Second—and potentially mitigating some of the concerns raised in the prior paragraph—products liability law is better prepared for the range of doctrinal challenges software security lawsuits will present: When should suppliers or component part manufacturers be liable? What responsibilities exist for recalling products after the manufacturer learns of a defect? How does or should a claim of design defect relate to a claim that the defendant should be held liable because it did not warn of risks in the product or instruct users how to mitigate risk? Should software suppliers providing pieces of code to a highly sophisticated user be treated differently than those providing the same pieces of code to unsophisticated users? Should innocent distributors or retailers of defective software created by another company face liability, and, if so, can they be indemnified? The list goes on and on. Sixty years of litigation in complex commercial interactions in pharmaceutical, automotive, food, and chemical domains (among others) has generated a variety of doctrines—common law, statutory, and regulatory—that could provide guidance to legislative drafters for the range of issues likely to arise.

Neither judges nor juries are cybersecurity experts, which points to a third and related set of advantages. Issues of evidence, causation, and defectiveness endemic to products liability law have forced judges and lawyers to construct frameworks for evaluating evidence and experts that are fit to go before juries and to play a role in the adversarial system. Courts rarely know what to do with expert testimony and forensic evidence in software security breach cases. Over the past few decades, products liability law has spawned the most elaborate and sophisticated set of rules and principles for dealing with expert testimony. Plainly, any plan to implement a tort liability regime for code and cybersecurity will face a massive challenge of translating the technical world to the mindset of lay jurors. Products liability is the best prepared to do so.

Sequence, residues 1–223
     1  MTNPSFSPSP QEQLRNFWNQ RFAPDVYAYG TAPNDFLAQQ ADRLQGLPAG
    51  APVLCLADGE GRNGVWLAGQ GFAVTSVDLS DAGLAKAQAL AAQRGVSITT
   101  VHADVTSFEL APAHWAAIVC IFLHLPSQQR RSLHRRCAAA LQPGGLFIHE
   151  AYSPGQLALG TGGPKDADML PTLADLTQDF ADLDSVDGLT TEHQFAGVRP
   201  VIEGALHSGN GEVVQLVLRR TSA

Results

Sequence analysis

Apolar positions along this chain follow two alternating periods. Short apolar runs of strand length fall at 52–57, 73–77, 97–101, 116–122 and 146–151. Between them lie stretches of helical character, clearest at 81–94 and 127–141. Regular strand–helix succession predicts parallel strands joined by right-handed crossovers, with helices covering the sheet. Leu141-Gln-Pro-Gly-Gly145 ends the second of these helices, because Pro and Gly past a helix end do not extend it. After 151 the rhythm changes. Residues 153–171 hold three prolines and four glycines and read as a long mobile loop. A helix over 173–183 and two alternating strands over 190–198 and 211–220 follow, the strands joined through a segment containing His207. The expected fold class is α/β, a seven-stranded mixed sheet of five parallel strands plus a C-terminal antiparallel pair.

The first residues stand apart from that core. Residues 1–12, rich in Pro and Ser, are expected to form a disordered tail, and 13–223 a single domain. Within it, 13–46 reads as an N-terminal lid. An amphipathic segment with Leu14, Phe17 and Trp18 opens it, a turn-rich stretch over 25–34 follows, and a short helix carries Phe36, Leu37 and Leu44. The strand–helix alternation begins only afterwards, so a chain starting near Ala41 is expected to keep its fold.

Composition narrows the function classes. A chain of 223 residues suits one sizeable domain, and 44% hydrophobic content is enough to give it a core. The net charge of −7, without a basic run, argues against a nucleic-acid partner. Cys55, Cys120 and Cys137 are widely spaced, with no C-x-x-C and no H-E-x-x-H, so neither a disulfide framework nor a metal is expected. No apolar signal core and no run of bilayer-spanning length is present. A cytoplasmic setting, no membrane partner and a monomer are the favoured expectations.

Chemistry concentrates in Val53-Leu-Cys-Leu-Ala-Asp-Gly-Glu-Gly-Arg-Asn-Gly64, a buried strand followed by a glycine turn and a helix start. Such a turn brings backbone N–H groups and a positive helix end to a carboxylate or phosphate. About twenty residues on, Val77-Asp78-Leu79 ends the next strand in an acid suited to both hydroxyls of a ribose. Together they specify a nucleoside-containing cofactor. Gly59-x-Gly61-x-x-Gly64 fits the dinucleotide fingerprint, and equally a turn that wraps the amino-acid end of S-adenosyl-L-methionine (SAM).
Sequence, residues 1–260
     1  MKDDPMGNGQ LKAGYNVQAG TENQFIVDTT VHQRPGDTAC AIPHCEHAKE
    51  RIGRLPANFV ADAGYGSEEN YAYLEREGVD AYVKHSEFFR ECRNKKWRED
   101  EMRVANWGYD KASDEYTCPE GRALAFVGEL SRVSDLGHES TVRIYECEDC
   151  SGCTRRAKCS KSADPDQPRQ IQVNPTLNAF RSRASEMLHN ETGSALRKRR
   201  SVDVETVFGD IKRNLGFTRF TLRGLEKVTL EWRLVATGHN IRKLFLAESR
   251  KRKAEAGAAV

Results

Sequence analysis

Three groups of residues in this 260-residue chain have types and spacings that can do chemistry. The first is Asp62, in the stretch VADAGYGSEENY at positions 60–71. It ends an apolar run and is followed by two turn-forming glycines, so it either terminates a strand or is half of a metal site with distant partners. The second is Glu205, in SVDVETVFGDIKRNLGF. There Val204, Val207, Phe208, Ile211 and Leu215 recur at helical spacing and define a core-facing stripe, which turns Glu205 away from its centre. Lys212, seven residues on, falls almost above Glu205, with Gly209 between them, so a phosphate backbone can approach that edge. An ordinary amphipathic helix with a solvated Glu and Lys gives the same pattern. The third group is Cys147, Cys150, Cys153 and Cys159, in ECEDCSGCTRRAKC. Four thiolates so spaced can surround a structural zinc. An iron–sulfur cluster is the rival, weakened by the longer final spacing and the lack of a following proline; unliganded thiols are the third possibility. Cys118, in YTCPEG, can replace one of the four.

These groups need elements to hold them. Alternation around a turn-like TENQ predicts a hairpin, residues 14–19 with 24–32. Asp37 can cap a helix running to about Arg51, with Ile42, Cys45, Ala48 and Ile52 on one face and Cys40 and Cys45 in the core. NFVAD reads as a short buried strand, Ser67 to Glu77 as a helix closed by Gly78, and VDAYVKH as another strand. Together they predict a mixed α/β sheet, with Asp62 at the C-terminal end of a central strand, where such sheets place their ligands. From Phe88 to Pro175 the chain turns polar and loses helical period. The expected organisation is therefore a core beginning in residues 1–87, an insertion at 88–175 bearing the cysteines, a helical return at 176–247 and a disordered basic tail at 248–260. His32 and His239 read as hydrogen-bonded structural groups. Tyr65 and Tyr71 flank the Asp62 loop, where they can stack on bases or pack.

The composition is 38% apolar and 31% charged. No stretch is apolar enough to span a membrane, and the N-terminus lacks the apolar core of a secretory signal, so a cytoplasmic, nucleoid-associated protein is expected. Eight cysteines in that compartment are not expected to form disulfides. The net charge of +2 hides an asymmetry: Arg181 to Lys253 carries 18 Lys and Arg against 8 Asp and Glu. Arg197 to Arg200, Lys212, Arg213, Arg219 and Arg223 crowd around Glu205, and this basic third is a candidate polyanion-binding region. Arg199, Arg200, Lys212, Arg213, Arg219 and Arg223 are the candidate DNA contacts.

Correcting Misleading Narratives

Despite the myriad advantages of products liability over negligence, the discourse today still seems to favor negligence. The culprit is likely outdated thinking mired by misconceptions—tainting the discussion and distracting from a promising solution. Let us correct the record.

Perhaps the most common misconception (even among lawyers) is that products liability is harsh and synonymous with strict liability, while negligence law utilizes notions of reasonableness and thus achieves moderation alien to products liability. This view is distorted from top to bottom.